Java RMI - registry questions

Discussion in 'Java' started by Christian Hvid, Aug 13, 2007.

  1. Can anyone help with these Java 5 RMI related questions?

    I want to make a very basic RMI application; something needs to run as
    a "background job" that I should be able to query the state of and
    start and shutdown cleanly.

    * Is there a clean way to shutdown a registry created locally in the
    server code?

    My code looks like this:

    public interface Hello extends Remote {
    public String sayHello() throws RemoteException;
    public void shutdown() throws RemoteException;
    }

    public class ServerTest implements Hello {
    public static void main(String args[]) throws RemoteException,
    AlreadyBoundException {
    ServerTest obj = new ServerTest();

    Hello stub = (Hello) UnicastRemoteObject.exportObject(obj, 0);

    Registry registry = LocateRegistry.createRegistry(2001);

    registry.rebind("hello", stub);
    }

    public String sayHello() throws RemoteException {
    return "Hello there";
    }

    public void shutdown() throws RemoteException {
    System.exit(0); // Other than doing something as violent as
    this?????????????
    }
    }

    public class ClientTest {
    public static void main(String args[]) throws RemoteException,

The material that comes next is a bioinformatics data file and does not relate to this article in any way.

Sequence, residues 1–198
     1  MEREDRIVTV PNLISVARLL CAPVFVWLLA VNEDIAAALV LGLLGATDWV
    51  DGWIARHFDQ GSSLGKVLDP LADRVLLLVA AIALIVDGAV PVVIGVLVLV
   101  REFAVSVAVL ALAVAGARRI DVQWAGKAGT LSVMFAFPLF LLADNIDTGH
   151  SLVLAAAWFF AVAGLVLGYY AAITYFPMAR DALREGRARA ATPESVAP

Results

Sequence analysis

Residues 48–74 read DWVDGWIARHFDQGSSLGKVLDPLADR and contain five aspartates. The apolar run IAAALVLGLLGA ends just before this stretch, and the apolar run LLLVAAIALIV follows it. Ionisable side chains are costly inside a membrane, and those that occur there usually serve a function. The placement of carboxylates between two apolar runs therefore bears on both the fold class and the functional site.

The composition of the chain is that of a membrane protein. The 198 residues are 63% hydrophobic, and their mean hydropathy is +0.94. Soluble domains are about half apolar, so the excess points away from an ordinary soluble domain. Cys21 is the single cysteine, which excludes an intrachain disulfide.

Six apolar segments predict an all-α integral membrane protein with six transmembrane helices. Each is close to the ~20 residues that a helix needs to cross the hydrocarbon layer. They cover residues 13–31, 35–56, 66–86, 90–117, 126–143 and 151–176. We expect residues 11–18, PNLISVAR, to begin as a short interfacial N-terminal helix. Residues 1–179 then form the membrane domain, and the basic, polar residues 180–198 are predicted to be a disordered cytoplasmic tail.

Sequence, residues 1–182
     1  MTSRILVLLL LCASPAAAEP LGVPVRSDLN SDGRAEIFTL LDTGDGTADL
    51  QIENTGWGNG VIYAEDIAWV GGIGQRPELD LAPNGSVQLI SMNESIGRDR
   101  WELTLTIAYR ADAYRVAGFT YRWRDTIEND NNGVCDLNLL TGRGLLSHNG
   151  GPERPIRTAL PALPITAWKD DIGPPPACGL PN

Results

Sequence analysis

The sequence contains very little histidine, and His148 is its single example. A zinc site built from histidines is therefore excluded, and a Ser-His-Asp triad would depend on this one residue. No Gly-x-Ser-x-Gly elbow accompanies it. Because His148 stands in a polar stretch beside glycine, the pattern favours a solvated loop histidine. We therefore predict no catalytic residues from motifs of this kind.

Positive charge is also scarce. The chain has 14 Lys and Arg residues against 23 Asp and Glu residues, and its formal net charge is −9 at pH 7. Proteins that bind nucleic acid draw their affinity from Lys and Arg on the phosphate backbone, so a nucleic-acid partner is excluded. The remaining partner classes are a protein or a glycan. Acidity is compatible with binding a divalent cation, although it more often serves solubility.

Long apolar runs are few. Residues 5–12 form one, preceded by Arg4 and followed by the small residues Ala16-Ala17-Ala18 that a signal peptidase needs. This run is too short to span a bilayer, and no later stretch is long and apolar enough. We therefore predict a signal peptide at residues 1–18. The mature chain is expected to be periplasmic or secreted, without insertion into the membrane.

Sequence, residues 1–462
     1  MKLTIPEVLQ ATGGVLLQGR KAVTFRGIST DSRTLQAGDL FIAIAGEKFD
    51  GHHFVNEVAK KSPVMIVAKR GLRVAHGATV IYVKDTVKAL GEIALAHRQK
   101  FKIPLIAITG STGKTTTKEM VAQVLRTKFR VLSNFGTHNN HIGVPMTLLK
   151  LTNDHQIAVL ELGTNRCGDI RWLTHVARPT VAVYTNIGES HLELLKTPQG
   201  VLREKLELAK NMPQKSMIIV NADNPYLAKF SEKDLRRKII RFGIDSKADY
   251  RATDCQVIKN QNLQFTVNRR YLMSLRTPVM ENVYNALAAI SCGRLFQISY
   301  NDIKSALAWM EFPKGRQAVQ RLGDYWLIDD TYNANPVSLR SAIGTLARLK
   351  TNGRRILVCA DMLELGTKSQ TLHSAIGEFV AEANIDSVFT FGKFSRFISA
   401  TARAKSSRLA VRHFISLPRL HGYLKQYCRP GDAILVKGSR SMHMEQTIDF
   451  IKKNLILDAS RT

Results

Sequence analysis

NotBoundException {
    Registry registry = LocateRegistry.getRegistry(2001);

    Hello hello = (Hello)registry.lookup("hello");

    System.out.println("stub.sayHello returns "+hello.sayHello());

    hello.shutdown();
    }
    }

    I am looking for a call like:

    registy.shutdownInOrderlyFashion();

    * Why does rmiregistry need to have access to the class definitions of
    the interfaces?

    The alternative way of doing the above is to run the rmiregisty
    program seperately and get the registry by:

    LocaleRegistry.getRegistry();

    This works *only* if I start the rmiregistry program at the root of
    generated class files; presumably because the rmiregistry program
    needs to have access to the class definition of "Hello".

    While I get that can define a codebase or classpath to point
    elsewhere, I don't get why the rmiregistry program needs to have
    access to the class definitions?

    I as understand it, the rmiregistry simply should register the name
    "hello" for the server and resolve the name "hello" as a reference to
    something on the server for the client.

    Only the client and the server should need to know the interface
    definition.

    -- Christian
     
    Christian Hvid, Aug 13, 2007
    #1
    1. Advertising

  2. Christian Hvid

    Esmond Pitt Guest

    Christian Hvid wrote:
    > * Is there a clean way to shutdown a registry created locally in the
    > server code?


    Yes. Unexport it. Make sure you keep the Registry reference returned by
    LocateRegistry.createRegistry, then you can just pass that to
    UnicastRemoteObject.unexportObject().


    > * Why does rmiregistry need to have access to the class definitions of
    > the interfaces?


    Because it receives the stub via an RMI call. That means that it has to
    be able to deserialize the stub, and to deserialize the stub it needs